Introduction
Three letters—1 Timothy, 2 Timothy, and Titus—are widely known as the “Pastoral Letters” because they each address problematic issues facing the earliest Christian leaders as they struggled to move their churches toward ever greater organization and regional interconnection. First Timothy was especially prized in the Early Church because of the helpful practical guidelines it includes for selecting and training leaders, for worship, for responsible behavior, for community building, and for organizing new churches. Although it originated as a personal letter to Timothy, it was later widely shared and much valued as a leadership manual.
Timothy was from Asia Minor and became a Christian as a youth because of Paul's ministry. He later went on to serve as an assistant to the apostle on Paul's mission journeys. When this letter with its guidelines for best ministerial practices was sent to Timothy, he was then on his own and carrying out pastoral responsibilities in Ephesus (1.3). Later church tradition indicates that he became bishop in Ephesus. The letter also warns against false teachings in the churches (1.3,4). The parts of the letter most studied and valued have been those dealing with church administration guidelines, and with the standards and virtues requisite for church leadership.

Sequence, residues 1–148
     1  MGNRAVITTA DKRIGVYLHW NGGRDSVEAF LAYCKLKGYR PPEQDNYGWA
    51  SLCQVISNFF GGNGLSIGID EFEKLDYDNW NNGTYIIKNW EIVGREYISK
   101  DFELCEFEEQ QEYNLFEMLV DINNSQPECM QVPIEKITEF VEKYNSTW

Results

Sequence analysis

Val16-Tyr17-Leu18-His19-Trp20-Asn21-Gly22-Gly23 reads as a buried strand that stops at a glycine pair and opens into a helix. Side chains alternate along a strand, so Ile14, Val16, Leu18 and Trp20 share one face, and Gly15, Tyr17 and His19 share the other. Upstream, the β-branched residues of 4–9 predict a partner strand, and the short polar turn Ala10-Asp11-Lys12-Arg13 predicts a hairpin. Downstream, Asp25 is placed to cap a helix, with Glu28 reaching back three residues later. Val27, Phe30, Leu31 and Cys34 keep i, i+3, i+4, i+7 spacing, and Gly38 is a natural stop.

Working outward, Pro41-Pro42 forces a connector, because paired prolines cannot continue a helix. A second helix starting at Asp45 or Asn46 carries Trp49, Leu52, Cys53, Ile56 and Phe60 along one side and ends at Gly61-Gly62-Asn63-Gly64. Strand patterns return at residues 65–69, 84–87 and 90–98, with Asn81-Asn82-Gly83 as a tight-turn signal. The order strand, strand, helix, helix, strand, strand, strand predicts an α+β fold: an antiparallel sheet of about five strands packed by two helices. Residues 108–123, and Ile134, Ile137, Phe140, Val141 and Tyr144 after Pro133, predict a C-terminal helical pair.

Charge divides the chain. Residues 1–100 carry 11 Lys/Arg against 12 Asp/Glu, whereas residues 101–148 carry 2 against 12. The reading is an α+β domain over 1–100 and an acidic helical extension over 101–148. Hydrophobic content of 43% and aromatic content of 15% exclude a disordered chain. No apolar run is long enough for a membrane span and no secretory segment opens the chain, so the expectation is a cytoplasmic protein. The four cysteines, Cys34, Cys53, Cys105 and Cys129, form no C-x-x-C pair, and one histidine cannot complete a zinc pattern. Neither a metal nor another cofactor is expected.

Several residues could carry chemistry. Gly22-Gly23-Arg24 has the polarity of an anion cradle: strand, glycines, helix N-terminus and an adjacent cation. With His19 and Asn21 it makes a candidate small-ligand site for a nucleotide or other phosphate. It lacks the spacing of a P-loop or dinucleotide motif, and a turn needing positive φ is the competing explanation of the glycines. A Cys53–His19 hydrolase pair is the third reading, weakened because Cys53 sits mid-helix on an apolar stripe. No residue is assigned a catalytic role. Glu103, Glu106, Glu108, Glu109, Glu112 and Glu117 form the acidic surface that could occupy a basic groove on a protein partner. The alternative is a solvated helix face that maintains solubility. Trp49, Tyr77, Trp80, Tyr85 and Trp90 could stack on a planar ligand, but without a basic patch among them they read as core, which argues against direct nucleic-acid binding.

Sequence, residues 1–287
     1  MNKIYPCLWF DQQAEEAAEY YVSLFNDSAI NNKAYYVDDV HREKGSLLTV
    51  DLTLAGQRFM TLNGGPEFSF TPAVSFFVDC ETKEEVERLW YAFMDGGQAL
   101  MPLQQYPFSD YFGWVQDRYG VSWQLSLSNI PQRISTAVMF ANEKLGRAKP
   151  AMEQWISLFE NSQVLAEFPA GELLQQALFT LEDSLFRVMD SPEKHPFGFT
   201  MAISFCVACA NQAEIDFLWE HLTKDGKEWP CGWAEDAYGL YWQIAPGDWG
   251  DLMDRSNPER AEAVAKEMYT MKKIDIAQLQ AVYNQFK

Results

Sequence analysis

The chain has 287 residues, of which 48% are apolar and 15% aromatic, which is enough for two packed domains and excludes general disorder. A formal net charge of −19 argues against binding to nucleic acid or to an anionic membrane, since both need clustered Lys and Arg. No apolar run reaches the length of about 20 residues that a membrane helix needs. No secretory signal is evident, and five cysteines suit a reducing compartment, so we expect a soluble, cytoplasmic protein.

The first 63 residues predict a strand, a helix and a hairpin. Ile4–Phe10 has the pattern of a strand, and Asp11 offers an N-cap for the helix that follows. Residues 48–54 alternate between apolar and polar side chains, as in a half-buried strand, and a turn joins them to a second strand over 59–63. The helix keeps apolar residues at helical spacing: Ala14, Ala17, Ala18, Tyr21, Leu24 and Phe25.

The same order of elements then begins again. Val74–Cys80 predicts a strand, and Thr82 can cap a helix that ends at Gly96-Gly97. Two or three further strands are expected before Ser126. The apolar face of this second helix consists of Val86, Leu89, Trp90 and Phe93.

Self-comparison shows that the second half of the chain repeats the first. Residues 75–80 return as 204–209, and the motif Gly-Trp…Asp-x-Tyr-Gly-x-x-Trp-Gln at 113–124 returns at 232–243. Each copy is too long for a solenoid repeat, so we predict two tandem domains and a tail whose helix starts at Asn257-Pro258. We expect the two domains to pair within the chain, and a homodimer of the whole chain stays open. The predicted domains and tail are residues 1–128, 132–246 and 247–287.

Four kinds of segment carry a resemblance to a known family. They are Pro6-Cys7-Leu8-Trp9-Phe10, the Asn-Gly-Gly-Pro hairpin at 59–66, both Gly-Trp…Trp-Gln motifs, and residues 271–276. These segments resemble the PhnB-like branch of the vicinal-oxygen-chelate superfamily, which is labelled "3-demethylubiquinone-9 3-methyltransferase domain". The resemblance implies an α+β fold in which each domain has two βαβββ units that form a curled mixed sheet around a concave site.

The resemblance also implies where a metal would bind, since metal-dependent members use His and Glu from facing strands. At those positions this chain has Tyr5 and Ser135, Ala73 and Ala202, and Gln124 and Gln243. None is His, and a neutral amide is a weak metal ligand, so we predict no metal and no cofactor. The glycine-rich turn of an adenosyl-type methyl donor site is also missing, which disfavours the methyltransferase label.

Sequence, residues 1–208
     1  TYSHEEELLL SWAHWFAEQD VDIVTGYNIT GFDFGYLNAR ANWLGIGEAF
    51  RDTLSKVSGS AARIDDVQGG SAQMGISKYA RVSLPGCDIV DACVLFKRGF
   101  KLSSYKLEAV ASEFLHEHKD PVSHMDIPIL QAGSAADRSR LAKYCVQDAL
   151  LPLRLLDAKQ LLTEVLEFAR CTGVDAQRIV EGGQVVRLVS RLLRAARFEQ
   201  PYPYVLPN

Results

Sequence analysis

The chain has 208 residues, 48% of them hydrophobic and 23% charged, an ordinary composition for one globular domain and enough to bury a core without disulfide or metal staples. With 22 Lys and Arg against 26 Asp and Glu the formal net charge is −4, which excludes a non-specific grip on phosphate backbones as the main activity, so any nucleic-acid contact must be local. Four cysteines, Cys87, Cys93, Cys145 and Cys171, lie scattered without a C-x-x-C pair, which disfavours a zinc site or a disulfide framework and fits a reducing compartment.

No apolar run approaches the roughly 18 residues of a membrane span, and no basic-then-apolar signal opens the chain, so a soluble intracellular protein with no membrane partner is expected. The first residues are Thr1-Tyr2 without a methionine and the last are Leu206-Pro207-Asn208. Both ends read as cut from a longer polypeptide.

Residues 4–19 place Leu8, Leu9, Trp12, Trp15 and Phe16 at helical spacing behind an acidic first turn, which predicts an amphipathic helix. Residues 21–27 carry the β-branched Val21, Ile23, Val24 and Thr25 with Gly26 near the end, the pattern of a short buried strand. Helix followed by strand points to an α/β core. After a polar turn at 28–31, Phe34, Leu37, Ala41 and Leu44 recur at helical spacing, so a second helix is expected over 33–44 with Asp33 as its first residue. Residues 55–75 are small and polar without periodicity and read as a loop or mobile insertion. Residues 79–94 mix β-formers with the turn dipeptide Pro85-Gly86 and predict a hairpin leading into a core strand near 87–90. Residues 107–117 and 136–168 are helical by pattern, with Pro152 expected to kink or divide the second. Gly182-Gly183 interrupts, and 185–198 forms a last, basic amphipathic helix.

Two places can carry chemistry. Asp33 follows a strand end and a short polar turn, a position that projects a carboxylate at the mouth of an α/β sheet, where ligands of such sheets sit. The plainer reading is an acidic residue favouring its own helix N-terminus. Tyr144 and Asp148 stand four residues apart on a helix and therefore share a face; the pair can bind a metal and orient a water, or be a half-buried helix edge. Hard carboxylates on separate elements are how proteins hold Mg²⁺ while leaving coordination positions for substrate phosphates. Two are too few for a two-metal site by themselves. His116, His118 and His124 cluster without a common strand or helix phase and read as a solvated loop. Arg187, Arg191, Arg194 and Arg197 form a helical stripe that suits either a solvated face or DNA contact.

Because the Pastoral Letters deal so much with organizational and doctrinal issues, which became much more heated issues after the time of Paul, some have proposed that the author here is likely a disciple of Paul who writes in Paul's more authoritative name. Differences in language, style, and vocabulary have also been noted, but the issue of authorship is virtually impossible to resolve.
Outline
Instructions for Church Life (1.1—3.13)
True Faith and Warnings about False Teachings (3.14—4.5)
Advice to Timothy and Other Church Leaders (4.6—6.21)
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